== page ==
A few years ago I was chatting with a colleague who was about to retire. He pointed to his book shelf and remarked that he was embarrassed that after thirty-five years most of the books on his shelf were titled An Introduction to… Well, there are introductions, and there are introductions. The book under review, Frames and Bases: An Introductory Course, pushes the notion pretty far. The author says that this text is a streamlined version of his earlier book, Introduction to Frames and Riesz Bases. The current book is, nonetheless, an advanced introduction.
Briefly, a frame is a sequence of elements in a Hilbert space H (possibly finite-dimensional) such that each element of H can be written as a linear combination of the members of the frame. Thus, an ordinary basis is a frame, but the concept is more general. One way to think of it is as a basis with redundant elements. There are significant applications of frames in signal and image processing where, for example, redundancy can help reconstruct a corrupted signal. Applications of frames also appear in image analysis in conjunction with Gabor and wavelet bases.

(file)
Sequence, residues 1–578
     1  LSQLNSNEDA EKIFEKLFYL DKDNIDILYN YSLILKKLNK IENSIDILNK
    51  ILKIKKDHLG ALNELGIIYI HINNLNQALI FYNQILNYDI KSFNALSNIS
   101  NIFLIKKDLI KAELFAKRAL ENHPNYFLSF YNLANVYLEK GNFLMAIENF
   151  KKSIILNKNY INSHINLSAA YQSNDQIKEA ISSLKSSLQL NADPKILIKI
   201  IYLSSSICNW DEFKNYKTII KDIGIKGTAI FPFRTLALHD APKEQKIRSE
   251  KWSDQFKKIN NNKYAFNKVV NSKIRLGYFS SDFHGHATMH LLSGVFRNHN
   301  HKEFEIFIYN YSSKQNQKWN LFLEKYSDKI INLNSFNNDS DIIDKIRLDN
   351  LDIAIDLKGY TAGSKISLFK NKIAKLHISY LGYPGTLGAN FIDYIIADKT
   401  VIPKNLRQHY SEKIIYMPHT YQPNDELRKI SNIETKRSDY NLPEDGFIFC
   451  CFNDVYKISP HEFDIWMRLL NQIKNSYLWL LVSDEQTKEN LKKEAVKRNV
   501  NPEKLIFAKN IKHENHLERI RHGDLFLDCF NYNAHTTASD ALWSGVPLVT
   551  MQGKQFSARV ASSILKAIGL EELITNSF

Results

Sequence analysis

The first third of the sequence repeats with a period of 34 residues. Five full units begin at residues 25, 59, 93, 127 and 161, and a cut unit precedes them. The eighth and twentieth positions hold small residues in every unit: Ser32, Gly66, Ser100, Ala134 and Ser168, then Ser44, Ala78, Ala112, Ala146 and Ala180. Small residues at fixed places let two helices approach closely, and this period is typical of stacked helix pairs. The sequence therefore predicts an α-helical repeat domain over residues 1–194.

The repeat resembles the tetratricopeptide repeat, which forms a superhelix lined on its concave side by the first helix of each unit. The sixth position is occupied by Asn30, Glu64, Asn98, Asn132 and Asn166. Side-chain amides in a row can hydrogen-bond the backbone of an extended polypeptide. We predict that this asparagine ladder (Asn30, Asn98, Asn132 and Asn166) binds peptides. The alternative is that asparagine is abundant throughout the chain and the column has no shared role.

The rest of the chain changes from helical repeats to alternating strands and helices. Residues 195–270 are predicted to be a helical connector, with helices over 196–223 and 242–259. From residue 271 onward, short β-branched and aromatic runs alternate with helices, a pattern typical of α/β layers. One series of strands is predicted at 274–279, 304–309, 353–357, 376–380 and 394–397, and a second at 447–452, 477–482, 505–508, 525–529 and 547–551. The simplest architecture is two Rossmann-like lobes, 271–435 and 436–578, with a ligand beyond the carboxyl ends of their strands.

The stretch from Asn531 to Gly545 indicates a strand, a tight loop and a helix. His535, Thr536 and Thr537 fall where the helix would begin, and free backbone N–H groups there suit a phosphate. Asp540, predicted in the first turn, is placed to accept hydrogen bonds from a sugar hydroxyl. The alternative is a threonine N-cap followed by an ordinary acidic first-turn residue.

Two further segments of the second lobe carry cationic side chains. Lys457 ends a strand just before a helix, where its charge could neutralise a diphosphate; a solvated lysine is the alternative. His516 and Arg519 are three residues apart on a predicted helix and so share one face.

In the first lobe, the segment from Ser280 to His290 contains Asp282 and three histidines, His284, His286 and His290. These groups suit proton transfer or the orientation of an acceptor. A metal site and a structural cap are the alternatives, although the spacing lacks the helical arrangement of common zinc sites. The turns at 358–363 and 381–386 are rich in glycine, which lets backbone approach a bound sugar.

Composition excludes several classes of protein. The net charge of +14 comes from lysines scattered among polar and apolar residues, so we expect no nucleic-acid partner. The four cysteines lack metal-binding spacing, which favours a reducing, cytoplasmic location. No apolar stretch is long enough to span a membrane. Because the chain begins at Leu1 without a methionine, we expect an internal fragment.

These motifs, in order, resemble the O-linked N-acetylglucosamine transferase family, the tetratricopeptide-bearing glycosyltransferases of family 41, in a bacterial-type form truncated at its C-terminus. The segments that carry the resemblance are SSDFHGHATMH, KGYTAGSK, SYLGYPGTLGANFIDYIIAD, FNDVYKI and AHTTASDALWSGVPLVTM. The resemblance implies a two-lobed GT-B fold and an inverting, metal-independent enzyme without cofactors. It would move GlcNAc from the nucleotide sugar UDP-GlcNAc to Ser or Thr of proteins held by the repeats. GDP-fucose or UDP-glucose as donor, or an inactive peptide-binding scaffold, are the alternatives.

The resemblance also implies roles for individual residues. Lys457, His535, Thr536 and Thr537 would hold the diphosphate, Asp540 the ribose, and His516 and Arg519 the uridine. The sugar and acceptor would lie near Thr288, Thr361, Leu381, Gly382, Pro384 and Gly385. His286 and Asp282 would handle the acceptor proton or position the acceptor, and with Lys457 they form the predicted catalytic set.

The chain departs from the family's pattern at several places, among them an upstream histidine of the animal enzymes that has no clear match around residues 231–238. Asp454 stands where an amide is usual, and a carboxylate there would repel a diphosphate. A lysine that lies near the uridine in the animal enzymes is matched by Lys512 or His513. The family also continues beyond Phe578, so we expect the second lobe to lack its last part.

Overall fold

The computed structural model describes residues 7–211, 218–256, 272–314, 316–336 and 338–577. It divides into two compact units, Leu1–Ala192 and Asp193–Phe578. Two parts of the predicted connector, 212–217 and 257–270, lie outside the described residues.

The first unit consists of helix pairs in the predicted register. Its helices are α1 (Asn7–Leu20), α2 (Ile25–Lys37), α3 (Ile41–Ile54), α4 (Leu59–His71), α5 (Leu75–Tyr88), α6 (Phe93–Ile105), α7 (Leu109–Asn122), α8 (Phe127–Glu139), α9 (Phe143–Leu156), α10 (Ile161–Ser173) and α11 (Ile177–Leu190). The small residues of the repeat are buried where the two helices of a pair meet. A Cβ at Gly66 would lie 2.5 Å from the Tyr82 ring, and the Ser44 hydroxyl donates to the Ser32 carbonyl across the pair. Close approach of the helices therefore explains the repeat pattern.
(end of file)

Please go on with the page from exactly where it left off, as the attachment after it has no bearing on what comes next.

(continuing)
Of course, frames also enjoy a considerable amount of theoretical interest.
The author’s aim is to present the central ideas of frame and basis theory. He does this in essentially two parts. The first, in Chapters 1 through 5, addresses the fundamental theoretical aspects. Then, in Chapters 7 through 11, he focuses on explicit constructions of frames in L2(R) and subspaces thereof. The linking Chapter 6 introduces B-spline theory and the main properties of B-splines; the author uses these to ensure that the constructions of later chapters are more convenient to apply in practice.
The author suggests that the book is aimed toward graduate students in mathematics, pure and applied mathematicians, and practicing engineers. Required background would be a standard graduate course in real analysis that included the basics of functional analysis. Although the author presents some elementary background material on linear algebra and functional analysis, the treatment is so concise that it really works only as synopsis and review. A reader without a strong background would find this text very challenging.
Bill Satzer (email@example.com) is a senior intellectual property scientist at 3M Company, having previously been a lab manager at 3M for composites and electromagnetic materials. His training is in dynamical systems and particularly celestial mechanics; his current interests are broadly in applied mathematics and the teaching of mathematics.